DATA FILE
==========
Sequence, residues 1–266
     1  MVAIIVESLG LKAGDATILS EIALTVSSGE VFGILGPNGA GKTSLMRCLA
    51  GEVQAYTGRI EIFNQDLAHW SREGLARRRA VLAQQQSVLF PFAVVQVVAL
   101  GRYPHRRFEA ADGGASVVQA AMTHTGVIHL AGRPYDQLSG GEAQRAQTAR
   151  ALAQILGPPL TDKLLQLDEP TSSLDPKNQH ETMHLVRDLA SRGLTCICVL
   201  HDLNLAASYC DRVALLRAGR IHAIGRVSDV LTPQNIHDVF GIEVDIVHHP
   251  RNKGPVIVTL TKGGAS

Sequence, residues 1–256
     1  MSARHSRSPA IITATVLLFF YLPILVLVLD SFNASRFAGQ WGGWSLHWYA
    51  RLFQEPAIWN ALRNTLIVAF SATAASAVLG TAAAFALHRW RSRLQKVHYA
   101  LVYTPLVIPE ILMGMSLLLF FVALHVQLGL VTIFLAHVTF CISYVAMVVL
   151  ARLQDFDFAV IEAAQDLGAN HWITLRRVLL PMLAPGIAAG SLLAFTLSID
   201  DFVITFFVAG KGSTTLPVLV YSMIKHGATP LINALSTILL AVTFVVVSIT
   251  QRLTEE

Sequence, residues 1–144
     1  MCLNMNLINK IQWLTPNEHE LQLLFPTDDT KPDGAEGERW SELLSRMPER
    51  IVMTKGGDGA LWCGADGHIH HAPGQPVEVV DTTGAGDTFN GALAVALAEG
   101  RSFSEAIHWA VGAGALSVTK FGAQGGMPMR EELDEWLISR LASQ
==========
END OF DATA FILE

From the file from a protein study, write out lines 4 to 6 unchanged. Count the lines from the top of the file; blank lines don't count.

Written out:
   101  GRYPHRRFEA ADGGASVVQA AMTHTGVIHL AGRPYDQLSG GEAQRAQTAR
   151  ALAQILGPPL TDKLLQLDEP TSSLDPKNQH ETMHLVRDLA SRGLTCICVL
   201  HDLNLAASYC DRVALLRAGR IHAIGRVSDV LTPQNIHDVF GIEVDIVHHP